Spain will also be infected, as it is facing a similar problem. Spanish public debt issues in 2011 are estimated at €90 billion, to which one has to add a similar amount of bank bonds maturing. Spain also had a huge housing bubble. The bad loans of Spanish banks have so far been contained, thanks to banking supervision much more severe than in Ireland. But in the balance sheets of savings banks (the Cajas) many problems still lurk. In addition, Spanish banks are highly exposed to Portugal. The Spanish Government soon might have to find a way to keep the banking system afloat without sinking the public accounts.


To stop the contagion one should move in two directions.

  • First, it is necessary to isolate the problems in the banking sector and tackle them with determination.

This means first of all to recognise losses or situations at risk in banks' balance sheets. But, as we saw in Ireland, sometimes the state budget is unable to absorb all losses. For this reason, it may be necessary to force the creditors and shareholders of the banks to bear losses, safeguarding deposits. Governments cannot guarantee all the so-called 'senior bonds' of banks.

  • Second, it is essential to enlist the help of EU institutions to give banks and sovereign debtors the liquidity that the markets will surely withdraw at times of uncertainty.

Since banks are financed primarily with short-term debt, their demand for liquidity is huge. For example, the Spanish banking system alone has raised hundreds of billions on money markets. Only the ECB may have the strength to offer this liquidity if the markets refuse to provide it. The ECB can do this if it has the assurance that the banks are sound. This is the task of supervisory authorities who, however, have failed miserably on quite a few occasions. Only in July, the Committee of European Supervisors concluded that only 7 out of 91 European banks did not pass the so-called stress tests.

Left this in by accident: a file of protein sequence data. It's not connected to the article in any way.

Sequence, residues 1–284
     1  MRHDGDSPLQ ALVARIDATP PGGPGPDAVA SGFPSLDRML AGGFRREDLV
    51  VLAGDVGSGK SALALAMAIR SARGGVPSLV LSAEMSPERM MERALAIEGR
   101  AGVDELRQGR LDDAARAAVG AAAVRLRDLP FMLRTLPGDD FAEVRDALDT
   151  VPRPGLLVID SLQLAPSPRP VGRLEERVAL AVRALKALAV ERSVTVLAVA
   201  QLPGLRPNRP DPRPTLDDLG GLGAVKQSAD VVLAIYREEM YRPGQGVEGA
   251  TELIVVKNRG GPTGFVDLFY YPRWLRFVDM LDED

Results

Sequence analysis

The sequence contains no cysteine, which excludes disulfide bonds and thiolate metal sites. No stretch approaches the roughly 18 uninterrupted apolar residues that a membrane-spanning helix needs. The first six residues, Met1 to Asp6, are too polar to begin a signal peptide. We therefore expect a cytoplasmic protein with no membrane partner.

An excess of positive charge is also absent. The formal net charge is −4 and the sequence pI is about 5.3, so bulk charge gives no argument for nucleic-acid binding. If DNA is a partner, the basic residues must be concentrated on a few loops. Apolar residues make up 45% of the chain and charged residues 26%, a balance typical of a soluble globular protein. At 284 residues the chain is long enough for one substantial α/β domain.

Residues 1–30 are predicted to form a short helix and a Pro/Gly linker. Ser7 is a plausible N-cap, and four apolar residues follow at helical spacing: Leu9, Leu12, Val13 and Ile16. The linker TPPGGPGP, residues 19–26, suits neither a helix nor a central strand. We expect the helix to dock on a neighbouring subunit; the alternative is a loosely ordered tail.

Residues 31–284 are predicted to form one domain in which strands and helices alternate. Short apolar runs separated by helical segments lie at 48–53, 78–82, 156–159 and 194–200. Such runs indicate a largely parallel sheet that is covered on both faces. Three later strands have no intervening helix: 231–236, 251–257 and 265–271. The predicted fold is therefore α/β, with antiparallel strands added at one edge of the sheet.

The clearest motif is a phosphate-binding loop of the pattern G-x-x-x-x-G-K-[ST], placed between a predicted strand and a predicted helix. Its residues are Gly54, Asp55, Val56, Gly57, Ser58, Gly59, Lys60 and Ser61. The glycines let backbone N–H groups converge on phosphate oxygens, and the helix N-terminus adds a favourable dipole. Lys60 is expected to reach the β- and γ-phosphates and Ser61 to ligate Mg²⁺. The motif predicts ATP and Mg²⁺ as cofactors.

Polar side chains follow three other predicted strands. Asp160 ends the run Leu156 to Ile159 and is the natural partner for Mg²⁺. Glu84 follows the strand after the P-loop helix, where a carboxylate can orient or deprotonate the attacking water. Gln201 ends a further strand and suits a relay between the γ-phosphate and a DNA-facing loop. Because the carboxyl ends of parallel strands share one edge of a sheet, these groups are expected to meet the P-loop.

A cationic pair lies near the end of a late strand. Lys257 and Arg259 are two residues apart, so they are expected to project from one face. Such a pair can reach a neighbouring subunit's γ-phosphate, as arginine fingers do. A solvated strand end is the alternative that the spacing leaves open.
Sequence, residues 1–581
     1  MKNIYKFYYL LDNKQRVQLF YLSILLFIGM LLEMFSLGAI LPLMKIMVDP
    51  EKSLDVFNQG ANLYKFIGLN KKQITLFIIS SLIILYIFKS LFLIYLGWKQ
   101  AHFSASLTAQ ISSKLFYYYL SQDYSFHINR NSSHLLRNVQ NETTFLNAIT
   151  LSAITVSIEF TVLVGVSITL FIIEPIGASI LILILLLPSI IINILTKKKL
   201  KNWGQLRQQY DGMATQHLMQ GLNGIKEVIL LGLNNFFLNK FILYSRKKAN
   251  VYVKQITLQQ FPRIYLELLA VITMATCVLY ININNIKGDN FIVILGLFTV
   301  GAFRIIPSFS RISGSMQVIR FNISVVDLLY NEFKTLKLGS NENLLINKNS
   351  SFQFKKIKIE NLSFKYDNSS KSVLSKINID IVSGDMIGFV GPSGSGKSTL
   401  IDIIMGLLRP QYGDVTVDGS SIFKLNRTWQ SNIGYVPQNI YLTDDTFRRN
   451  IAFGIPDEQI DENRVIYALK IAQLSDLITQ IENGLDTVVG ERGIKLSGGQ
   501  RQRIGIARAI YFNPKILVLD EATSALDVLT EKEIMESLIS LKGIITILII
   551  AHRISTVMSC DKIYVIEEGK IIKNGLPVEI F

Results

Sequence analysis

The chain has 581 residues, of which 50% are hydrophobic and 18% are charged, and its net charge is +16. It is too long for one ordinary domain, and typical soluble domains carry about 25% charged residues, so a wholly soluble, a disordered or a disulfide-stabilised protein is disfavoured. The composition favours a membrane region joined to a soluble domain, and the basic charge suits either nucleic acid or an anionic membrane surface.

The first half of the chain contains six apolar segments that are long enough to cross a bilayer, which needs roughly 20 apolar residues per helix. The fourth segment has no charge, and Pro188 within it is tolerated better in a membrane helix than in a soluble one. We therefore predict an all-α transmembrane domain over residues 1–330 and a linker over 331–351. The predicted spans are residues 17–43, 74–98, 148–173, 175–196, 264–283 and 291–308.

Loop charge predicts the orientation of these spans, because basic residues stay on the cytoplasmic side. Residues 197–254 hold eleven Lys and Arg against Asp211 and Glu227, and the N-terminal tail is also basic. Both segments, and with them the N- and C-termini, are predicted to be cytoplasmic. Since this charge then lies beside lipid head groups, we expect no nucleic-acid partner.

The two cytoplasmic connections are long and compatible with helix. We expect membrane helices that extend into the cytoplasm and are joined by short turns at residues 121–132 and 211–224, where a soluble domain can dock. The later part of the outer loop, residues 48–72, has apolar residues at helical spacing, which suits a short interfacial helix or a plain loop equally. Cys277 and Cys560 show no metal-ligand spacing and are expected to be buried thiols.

What about the sovereign debtors? In principle they should apply to the European Financial Stability Facility, the fund established in May which may deliver up to €440 billion to help the Eurozone countries. However, these resources may be insufficient. The Facility will last only three years, and we do not know what will replace it.

The alternative is for the ECB to buy government debt in the secondary markets to support its market price, as has already been done (although only temporarily) to mitigate the effects of the crisis in Greece. In a situation of systemic crisis, market confidence can be regained only if there is an assurance that the central bank is prepared to support the government bonds of a country under attack.

There is no doubt that this has become a systemic crisis and no longer the problem of one or two countries. This means we must suspend the separation of fiscal and monetary policy, one of the pillars on which the European Monetary Union was built. If European authorities are not willing to take this step, the contagion will spread.

Editor’s note: A version of this article first appeared in Il Sole 24 Ore.


Hausmann, Ricardo and Ugo Panizza (2010) “Redemption or abstinence?”, VoxEU.org, 21 February

Manasse, Paolo and Giulio Trigilia (2010) “Will the Irish crisis spread to Italy?”, VoxEU.org, 26 November

105 Reads